Wednesday, October 31, 2007

Seventh Circuit Finds Standing where Plaintiff's Data Had Been Compromised but not yet Misused

Per Pisciotta v. Old Nat. Bancorp, 499 F.3d 629 (7th Cir. Aug. 23, 2007):

The district court granted ONB's motion for judgment on the pleadings and denied the plaintiffs' motion for class certification as moot. Specifically, the district court concluded that the plaintiffs' claims failed as a matter of law because “they have not alleged that ONB's conduct caused them cognizable injury.”

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The district court looked to five cases from other district courts across the Country that had rejected claims for “the cost of credit monitoring as an alternative *633 award for what would otherwise be speculative and unrecoverable damages.” Id. Finding their reasoning persuasive, the district court concluded that “[t]he expenditure of money to monitor one's credit is not the result of any present injury, but rather the anticipation of future injury that has not yet materialized.”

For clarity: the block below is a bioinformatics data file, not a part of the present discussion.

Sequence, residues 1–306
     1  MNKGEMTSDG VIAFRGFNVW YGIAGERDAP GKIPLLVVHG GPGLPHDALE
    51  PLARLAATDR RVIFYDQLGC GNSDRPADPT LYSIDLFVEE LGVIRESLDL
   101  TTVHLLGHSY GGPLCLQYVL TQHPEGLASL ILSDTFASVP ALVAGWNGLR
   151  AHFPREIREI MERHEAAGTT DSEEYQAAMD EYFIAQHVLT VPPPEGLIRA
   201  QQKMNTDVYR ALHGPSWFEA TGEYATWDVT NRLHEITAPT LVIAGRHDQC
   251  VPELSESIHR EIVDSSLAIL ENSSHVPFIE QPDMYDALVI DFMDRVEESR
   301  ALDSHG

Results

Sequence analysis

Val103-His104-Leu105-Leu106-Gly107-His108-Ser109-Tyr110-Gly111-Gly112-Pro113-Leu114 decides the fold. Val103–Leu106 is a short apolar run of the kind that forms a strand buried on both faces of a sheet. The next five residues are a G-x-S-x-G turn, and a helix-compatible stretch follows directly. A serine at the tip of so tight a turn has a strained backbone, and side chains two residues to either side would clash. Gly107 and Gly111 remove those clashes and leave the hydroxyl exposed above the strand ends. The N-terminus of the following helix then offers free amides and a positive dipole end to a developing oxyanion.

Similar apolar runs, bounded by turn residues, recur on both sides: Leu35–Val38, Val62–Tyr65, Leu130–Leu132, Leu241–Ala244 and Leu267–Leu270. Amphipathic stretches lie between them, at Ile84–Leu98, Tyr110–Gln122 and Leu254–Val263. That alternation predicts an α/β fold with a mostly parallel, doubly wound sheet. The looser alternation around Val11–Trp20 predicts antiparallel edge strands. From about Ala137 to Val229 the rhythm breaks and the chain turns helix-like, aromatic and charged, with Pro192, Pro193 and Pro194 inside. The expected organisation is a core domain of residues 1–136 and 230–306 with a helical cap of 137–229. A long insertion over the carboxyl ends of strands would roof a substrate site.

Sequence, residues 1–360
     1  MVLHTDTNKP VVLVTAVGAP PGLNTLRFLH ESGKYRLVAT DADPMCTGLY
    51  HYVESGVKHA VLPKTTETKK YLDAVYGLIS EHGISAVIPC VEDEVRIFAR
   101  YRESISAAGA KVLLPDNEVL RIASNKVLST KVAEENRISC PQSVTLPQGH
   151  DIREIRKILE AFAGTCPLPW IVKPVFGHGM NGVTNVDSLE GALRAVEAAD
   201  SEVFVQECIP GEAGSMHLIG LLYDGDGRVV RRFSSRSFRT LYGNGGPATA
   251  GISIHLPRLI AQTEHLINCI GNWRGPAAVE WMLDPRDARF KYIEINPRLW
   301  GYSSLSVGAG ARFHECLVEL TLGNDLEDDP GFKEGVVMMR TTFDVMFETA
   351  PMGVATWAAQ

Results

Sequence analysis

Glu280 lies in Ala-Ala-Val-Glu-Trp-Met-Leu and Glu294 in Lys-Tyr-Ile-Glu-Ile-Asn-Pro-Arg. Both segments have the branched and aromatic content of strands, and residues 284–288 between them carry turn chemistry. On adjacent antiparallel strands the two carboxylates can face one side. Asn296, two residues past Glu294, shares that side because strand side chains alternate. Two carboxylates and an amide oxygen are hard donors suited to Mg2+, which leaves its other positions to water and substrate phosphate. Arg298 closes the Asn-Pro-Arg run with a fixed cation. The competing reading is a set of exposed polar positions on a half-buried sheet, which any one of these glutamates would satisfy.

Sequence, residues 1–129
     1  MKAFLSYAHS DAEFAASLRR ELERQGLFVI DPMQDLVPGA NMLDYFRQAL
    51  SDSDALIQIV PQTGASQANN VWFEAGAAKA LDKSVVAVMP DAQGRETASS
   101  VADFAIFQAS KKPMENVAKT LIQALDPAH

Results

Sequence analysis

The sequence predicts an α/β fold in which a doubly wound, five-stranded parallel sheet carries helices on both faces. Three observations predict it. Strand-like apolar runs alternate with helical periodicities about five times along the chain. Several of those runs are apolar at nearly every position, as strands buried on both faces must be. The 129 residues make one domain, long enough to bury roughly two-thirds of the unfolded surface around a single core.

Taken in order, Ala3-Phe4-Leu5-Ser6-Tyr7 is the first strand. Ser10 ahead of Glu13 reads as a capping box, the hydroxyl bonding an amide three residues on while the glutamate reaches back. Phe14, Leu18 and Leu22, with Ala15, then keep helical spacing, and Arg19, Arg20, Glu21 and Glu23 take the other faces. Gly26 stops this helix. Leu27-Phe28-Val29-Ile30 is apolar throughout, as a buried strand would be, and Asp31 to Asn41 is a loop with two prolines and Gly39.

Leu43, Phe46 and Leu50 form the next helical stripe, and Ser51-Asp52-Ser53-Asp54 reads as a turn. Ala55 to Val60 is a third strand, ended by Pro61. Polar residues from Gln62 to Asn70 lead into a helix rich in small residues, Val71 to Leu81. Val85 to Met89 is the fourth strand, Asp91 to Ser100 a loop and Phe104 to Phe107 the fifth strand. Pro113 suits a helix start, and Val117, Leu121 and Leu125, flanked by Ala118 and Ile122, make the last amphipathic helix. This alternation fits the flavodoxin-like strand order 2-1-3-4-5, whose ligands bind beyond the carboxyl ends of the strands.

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We have, of course, an independent responsibility to examine our subject matter jurisdiction. See Steel Co. v. Citizens for a Better Env't, 523 U.S. 83, 95, 118 S.Ct. 1003, 140 L.Ed.2d 210 (1998). As we have noted, in reaching the conclusion that dismissal was appropriate, the district court in this case relied on several cases from other district courts throughout the Country. Many of those cases have concluded that the federal courts lack jurisdiction because plaintiffs whose data has been compromised, but not yet misused, have not suffered an injury-in-fact sufficient to confer Article III standing. We are not persuaded by the reasoning of these cases. As many of our sister circuits have noted, the injury-in-fact requirement can be satisfied by a threat of future harm or by an act which harms the plaintiff only by increasing the risk of future harm that the plaintiff would have otherwise faced, absent the defendant's actions. We concur in this view. Once the plaintiffs' allegations establish at least this level of injury, the fact that the plaintiffs anticipate that some greater potential harm might follow the defendant's act does not affect the standing inquiry.


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